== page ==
> Craftsman 101.28930 so whichever manual you can find will match. Sears used
        > different model numbers but used the Atlas part numbers.
        >
        > None of the Atlas built QCGB's ever had "die cast" housings. All 10" and
        > 12" were cast iron, like yours. Likewise the feed selector arms.
        >
        > Clausing still has some support (both technical and parts) for the 12"
        > models.
        >
        > Your 3980 will have been built between late 1956 and 1966. In 1967, the
        > slip clutch was added to the lead screw drive and the pull-out knob for power
        > cross feed was replaced with a push-down lever. It takes a few parts and a
        > modification (shortening) of the lead screw but you can retrofit the slip
        > clutch to the 3980. Likewise the lever actuator. With the modifications, the
        > machine would be a 3985. The parts that you need to repair yours back to
        > 3980 spec could come from any model between 3980 and 3996. I missed the
        > first part of this thread but I think the parts you need could also come a
        > Craftsman 101.27430 or 27440 made 1950-1956.
        >
        > I would first call Clausing and get pricing and availability on the parts
        > that you need. That gives you a baseline to work from. On eBay, look for
        > sellers with a number of 12" parts or accessories listed. Contact them and
        > ask whether they have any model of 12" gearbox that they are parting out. I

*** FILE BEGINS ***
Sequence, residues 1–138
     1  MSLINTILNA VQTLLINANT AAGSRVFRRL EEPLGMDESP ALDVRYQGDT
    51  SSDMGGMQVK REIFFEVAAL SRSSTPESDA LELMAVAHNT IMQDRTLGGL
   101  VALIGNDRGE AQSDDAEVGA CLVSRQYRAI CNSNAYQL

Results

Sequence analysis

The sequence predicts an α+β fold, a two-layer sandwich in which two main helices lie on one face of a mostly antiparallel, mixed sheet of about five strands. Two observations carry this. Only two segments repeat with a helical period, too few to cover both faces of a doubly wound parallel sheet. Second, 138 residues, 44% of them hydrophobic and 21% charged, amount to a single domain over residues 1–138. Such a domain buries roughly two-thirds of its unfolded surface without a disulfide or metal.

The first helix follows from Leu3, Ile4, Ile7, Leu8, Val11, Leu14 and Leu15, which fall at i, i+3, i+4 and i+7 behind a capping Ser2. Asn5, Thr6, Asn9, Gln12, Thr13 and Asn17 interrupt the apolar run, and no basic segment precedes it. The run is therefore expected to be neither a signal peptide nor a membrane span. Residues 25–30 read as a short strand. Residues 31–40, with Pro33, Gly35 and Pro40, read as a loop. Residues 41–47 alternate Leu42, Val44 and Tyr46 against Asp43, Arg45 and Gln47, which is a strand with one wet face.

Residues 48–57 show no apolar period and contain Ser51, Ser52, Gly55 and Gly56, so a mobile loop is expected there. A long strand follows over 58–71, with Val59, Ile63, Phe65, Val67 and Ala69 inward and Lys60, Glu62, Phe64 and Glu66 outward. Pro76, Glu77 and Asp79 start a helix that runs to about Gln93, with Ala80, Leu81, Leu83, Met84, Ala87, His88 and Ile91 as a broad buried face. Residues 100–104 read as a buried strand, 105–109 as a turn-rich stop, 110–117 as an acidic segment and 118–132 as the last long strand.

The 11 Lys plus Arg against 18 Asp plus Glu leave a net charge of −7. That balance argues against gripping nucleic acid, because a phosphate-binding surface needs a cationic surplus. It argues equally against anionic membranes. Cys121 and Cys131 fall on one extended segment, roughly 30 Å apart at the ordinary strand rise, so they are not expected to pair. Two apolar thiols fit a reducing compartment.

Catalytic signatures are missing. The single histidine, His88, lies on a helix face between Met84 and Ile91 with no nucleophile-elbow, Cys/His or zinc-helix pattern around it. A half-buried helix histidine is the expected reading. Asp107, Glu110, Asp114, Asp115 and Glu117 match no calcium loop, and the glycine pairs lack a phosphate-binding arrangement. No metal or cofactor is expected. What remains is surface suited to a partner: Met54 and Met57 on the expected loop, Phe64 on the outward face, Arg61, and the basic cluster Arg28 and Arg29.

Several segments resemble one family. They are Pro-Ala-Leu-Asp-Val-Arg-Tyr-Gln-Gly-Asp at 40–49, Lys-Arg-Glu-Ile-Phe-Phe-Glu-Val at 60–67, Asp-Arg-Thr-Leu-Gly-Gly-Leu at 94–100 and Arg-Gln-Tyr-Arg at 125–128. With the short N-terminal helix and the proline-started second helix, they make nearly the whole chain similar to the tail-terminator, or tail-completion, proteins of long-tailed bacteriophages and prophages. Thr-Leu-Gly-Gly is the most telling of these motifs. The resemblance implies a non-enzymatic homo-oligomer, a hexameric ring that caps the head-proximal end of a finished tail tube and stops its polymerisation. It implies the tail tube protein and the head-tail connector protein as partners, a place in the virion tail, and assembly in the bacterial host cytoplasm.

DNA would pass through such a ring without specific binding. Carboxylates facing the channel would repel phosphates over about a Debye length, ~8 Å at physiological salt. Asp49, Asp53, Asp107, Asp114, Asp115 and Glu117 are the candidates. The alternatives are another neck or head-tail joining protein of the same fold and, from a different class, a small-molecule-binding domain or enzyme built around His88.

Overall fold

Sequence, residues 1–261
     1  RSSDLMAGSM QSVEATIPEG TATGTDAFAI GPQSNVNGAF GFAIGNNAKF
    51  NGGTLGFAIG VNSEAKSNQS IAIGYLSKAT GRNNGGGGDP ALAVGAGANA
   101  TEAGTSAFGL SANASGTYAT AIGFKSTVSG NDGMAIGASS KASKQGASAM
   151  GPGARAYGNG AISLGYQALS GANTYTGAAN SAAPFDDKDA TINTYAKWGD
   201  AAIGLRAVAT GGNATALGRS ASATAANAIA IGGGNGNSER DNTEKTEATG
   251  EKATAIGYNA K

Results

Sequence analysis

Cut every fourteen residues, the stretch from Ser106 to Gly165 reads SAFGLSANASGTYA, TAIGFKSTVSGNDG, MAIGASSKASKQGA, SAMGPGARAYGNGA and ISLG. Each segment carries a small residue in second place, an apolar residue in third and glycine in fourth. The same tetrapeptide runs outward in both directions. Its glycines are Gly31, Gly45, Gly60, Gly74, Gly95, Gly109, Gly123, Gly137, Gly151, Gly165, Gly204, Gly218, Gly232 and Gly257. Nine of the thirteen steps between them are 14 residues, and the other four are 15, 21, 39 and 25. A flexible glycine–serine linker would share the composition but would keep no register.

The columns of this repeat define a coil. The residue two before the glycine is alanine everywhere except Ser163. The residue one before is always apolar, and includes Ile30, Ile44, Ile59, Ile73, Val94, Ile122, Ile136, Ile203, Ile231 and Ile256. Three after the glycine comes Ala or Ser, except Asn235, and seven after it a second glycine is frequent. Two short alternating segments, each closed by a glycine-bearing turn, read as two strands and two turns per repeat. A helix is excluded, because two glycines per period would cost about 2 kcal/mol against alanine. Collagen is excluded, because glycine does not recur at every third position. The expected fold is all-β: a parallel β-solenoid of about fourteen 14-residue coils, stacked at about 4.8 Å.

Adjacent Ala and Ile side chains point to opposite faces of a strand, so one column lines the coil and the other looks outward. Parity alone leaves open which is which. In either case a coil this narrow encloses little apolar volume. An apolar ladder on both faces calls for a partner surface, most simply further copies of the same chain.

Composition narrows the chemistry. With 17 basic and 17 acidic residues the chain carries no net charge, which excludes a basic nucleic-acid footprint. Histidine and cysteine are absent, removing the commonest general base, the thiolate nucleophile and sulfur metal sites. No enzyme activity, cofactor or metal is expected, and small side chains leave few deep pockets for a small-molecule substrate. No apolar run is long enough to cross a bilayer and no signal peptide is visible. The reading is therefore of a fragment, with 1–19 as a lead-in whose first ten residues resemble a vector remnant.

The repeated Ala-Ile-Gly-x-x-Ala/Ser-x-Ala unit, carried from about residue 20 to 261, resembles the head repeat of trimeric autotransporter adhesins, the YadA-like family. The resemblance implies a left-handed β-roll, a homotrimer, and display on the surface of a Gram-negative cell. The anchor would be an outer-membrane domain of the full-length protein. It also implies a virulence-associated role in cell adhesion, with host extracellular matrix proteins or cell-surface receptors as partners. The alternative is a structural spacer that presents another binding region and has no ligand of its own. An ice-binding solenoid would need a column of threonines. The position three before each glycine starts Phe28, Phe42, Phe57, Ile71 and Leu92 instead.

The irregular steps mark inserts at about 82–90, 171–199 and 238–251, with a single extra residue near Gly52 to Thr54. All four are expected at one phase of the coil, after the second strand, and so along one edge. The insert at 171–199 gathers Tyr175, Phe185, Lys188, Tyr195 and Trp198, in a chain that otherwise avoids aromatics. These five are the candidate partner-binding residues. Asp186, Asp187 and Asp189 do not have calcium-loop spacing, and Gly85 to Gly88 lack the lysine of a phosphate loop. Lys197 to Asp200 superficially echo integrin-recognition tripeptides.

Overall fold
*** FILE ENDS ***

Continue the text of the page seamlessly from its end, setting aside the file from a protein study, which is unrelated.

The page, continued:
> happen to know that a couple of them have had such in the past. And most
        > will reply one way or the other. I assume that no one here has come forward
        > with the parts you need, so those are your two best sources. A third source
        > would be if you happened to stumble across someone selling a lathe cheap
        > probably on Craig's List (local pickup). I don't recall ever having seen anyone
        > advertise individual gear box parts on eBay although I have seen this on
        > one or two seller web sites.
        >
        > Robert D.
        >
        > In a message dated 04/20/2013 10:42:30 AM Central Daylight Time,
        > blk_vctr@... writes:
        > > I don't have a Craftsman lathe, it says Atlas Press Co., Kalamazoo.. The
        > > model is 3980, s/n 002585. My gear box is cast iron, not the die cast like
        > > I have seen on here. Also my gear change arms are cast iron not die cast.
        > > I will try to post a couple of snaps here later. I didn't find my model
        > > number initially, but the parts breakdown shows the gears I need. There are 4
        > > steel gears with teeth ripped out or bent over. I assume they would be the
        > > same Clausing part numbers as the Craftsman... I just saw somewhere on here
        > > today that some of the older ones (like mine?) didn't have a feed clutch